Australian homebuyers and renters are increasingly searching for homes despite the economic impacts of the COVID-19 outbreak, according to a report from REA Group.
Cameron Kusher, executive manager at REA Group, said search activity on realestate.com.au has surged over the past week and is considerably higher than last year.
"Buyer search activity was higher week-on-week across all states and territories, with the greatest increases recorded in Victoria and New South Wales, while the most moderate increases were in the Australian Capital Territory and Queensland," he said.
Search activity for rental properties also increased, particularly in New South Wales and Victoria.
Kusher said the increased searching activity is a good sign for property sellers and landlords, even if it might not necessarily translate into a sale or a rental agreement.
"Although fewer new properties continue to come to the market, Australians remain extremely interested in residential property throughout COVID-19. Search activity for properties up for sale and rent remains high and continues to trend higher," Kusher said.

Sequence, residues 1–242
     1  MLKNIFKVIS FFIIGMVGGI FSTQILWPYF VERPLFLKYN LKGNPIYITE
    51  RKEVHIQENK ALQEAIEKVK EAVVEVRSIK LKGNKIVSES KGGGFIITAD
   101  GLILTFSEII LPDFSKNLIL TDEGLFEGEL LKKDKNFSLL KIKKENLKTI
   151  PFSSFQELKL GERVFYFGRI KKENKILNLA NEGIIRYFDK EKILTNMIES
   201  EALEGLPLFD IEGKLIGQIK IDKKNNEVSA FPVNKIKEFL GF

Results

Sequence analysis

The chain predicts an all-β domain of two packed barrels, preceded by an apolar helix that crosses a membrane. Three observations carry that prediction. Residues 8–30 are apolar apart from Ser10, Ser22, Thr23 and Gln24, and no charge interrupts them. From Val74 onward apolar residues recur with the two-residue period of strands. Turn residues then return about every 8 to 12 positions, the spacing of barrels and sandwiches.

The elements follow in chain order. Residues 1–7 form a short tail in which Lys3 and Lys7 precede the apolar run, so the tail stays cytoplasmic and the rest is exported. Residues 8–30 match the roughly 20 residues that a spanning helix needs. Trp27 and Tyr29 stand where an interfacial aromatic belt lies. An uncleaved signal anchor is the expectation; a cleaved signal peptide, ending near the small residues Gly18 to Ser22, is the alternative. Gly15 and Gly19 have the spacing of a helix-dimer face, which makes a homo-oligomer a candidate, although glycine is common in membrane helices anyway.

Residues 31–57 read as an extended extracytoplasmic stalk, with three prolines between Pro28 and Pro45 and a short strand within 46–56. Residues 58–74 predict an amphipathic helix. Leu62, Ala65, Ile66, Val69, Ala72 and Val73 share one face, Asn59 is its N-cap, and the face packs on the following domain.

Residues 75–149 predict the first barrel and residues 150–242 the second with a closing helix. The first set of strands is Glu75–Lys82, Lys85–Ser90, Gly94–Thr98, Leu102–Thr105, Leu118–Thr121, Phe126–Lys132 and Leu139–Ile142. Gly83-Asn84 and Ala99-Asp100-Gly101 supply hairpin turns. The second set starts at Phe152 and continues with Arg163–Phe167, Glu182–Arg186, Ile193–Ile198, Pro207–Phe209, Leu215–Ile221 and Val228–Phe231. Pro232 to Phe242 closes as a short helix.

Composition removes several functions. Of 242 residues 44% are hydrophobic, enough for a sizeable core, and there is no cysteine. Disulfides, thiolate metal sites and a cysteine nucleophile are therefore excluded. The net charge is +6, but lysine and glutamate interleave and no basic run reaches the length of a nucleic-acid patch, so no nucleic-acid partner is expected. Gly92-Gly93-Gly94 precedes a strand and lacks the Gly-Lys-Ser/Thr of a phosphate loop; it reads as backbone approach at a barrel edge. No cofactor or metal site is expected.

Real estate agents at Raine & Horne said some markets continue to see activity from "motivated buyers".
Sydney's eastern suburbs were amongst the housing markets that remained active amid the unprecedented challenges posed by COVID-19, said Paul Spanoudakis, principal at Raine & Horne Maroubra.
"There are people who have preapproved mortgages and are motivated to buy now. It's a great time for these people to buy with interest rates at historic lows," he said.
In the south-western suburbs of Adelaide, sales this month have already surpassed March figures, said John Cullen, principal of Raine & Horne Kurralta Park.
"Buyer numbers are still strong, and there are plenty around who have finance in place looking to make a move," he said.
Cullen said sellers are more likely to attract buyers if they are flexible with their asking prices.
"If properties are priced to sell by their vendors, then they are selling. If vendors are sticking to pre-COVID prices, then they won't sell. In this situation, the experienced real estate agents are sheltering their vendors from opportunist buyers who are making these significant lowball offers," he said.